Lift Off for Commercial Drone Regulations
Drones are everywhere. Technological innovations have created countless commercial opportunities for drones, also known as unmanned aerial vehicles (UAVs). Until recently, however, the Federal Aviation Administration’s (FAA) prohibitions on drone commercialization have contrasted starkly with the soaring growth of drone-based businesses in Europe, Asia, and other parts of North America.
Now, depending on whom you ask, the FAA either has taken a significant step toward allowing commercial drones in the national airspace, or has proposed restrictive regulations that will stifle innovation and impede the deployment of drone-based services in the United States.
On February 15, 2015, after years of delay and the disclosure of leaked documents, the FAA released proposed regulations for commercial drone use. Following a 60-day public comment period and public meetings, the FAA expects to release final regulations that will become effective in 2017. Key points in the FAA’s proposed regulations include:
- Only daytime flights are permitted.
- An operator can operate only one drone at a time.
- Only line-of-sight flights are permitted; a drone operator must be able to see the drone unaided.
- Drones must operate in a “sterile environment,” which means they cannot operate over any person not involved in their operation.
- Drones must weigh no more than 55 lbs. and cannot carry external payloads.
- Drones are limited to a maximum airspeed of 100 mph and a maximum altitude of 500 feet.
- Drone operators are not required to obtain a private-pilot license, but must pass a written examination.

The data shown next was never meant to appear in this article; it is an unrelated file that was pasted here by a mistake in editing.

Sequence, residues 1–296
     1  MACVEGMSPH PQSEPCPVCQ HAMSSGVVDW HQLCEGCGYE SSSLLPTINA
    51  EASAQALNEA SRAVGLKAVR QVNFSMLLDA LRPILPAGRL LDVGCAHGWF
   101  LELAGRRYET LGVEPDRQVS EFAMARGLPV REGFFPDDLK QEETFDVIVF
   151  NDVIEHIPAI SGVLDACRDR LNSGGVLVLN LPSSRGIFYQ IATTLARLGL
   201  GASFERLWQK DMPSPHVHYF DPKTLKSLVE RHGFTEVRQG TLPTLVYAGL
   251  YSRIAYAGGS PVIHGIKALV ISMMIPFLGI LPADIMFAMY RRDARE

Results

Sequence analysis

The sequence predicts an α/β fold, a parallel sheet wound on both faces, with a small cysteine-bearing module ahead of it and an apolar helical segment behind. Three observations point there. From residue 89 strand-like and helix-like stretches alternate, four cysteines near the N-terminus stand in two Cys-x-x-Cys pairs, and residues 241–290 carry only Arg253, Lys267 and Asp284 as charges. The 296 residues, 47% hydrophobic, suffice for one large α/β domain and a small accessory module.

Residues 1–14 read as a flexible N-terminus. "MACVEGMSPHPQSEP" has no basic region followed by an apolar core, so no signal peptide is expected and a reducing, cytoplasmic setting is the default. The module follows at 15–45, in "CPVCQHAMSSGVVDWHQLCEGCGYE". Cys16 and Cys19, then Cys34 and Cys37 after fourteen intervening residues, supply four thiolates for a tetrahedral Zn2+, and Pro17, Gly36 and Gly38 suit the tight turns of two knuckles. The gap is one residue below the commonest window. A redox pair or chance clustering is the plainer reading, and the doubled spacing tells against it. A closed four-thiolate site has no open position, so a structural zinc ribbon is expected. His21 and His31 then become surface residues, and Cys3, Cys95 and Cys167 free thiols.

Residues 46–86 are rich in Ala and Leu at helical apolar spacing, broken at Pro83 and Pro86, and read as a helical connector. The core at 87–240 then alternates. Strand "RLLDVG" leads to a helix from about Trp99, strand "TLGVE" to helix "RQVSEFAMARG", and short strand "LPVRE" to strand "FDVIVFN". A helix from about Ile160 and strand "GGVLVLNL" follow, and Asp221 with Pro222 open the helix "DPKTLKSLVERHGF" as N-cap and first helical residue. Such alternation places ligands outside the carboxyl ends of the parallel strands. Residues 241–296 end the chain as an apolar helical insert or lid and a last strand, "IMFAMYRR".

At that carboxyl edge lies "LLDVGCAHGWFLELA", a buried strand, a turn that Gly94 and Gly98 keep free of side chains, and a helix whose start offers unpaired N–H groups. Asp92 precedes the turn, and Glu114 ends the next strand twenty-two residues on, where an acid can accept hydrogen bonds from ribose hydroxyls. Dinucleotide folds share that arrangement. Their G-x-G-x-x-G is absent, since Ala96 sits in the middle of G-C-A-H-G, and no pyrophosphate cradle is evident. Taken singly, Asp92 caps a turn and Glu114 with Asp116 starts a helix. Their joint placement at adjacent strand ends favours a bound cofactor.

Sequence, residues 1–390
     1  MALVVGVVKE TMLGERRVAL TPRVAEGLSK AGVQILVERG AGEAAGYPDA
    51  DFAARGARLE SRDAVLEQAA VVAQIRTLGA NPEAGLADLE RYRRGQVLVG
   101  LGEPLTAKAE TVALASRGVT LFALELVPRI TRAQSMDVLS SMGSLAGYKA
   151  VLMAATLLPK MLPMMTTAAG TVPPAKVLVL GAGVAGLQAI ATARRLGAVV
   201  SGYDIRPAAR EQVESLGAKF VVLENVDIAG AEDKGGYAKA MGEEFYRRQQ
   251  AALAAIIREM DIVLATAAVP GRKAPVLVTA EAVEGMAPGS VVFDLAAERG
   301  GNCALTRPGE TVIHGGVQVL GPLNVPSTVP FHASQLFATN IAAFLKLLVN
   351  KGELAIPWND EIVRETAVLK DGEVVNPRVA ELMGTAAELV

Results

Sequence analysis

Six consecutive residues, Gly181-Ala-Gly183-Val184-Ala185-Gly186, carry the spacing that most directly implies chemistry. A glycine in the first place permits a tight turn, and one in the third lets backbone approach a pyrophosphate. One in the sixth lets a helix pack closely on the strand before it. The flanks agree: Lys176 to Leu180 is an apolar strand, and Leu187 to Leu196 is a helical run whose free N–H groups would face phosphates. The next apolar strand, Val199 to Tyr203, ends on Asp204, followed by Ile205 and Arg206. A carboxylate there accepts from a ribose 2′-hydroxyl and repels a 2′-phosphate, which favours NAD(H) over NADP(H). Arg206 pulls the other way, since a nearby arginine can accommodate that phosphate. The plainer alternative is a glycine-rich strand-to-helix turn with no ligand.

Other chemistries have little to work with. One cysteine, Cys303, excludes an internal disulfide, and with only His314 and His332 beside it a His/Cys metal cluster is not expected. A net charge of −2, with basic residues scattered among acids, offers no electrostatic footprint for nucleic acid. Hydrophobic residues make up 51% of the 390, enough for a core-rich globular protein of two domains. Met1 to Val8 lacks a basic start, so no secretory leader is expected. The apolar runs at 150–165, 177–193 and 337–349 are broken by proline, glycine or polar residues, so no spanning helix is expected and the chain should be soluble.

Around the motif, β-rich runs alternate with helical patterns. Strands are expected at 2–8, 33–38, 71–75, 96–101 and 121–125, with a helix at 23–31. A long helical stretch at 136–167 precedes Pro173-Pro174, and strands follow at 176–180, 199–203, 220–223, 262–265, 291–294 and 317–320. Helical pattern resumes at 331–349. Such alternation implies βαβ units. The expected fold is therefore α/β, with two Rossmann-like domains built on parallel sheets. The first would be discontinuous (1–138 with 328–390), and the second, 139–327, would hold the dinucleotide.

- Commercial drones must display an FAA identification number, but airworthiness certification requirements are not required.
Although these proposed regulations are less onerous than many had feared, they still impose significant limitations on permitted commercial drone applications. For example, by forbidding external payloads and requiring line-of-sight flights, the proposed regulations would thwart the drone package-delivery services touted by Google and Amazon. Nonetheless, these regulations permit the commercial use of drones for agricultural crop inspections; research and development; educational/academic uses; power-line, pipeline, and antenna inspections; aiding search-and-rescue operations; bridge, other infrastructure and building inspections; aerial photography; and wildlife area evaluations. (Note that these proposed regulations do not affect recreational drones and model aircraft hobbyists, who remain subject to the longstanding provisions of Section 336 of Public Law 112-95.)
As the U.S. drone industry attempts to catch up with the rest of the world, the FAA’s proposed rules arguably represent an initial movement in the right direction. As FAA Administrator Michael Huerta has acknowledged, regulations governing drones must strike the appropriate balance between encouraging the emerging drone industry while maintaining aviation safety.
Concurrent with the FAA’s release of proposed drone regulations, the White House issued a memorandum discussing policies to address concerns about privacy, civil rights, and civil liberties in connection with the use of drones by federal agencies. The White House’s memorandum requires the development of a framework to address privacy, accountability, and transparency issues raised by commercial and private drone use.
Clearly, those interested in using drones for commercial applications should continue to monitor the regulatory process and stay abreast of the latest developments.